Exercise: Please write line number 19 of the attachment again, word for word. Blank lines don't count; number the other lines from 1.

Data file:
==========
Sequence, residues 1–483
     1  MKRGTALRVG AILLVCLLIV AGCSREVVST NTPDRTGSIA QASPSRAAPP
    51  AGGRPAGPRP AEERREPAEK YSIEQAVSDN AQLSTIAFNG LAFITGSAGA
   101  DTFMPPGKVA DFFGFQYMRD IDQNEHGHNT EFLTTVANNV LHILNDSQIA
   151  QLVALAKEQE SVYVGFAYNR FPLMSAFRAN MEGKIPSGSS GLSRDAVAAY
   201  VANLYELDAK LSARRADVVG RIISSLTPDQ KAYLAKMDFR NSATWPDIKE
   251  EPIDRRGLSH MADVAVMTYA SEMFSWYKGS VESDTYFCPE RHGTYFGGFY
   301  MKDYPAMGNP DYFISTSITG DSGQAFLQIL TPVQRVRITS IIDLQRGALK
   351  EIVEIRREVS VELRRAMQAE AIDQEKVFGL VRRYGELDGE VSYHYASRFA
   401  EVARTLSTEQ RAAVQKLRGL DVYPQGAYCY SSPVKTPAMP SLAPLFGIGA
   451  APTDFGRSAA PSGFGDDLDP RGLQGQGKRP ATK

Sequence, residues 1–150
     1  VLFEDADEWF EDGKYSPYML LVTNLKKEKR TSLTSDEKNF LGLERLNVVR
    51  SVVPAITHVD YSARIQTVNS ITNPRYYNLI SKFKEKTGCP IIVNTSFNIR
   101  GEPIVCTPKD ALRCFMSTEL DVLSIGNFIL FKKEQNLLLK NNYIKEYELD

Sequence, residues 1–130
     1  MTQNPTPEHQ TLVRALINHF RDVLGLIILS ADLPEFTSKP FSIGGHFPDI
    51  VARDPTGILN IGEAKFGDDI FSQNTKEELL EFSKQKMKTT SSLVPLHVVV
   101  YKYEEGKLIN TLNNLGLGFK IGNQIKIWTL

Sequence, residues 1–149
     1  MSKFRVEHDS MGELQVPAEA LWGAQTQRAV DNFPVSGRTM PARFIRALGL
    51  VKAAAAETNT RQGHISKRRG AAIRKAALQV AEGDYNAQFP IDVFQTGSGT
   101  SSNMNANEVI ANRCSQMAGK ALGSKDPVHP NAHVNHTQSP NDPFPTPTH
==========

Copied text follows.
   101  YKYEEGKLIN TLNNLGLGFK IGNQIKIWTL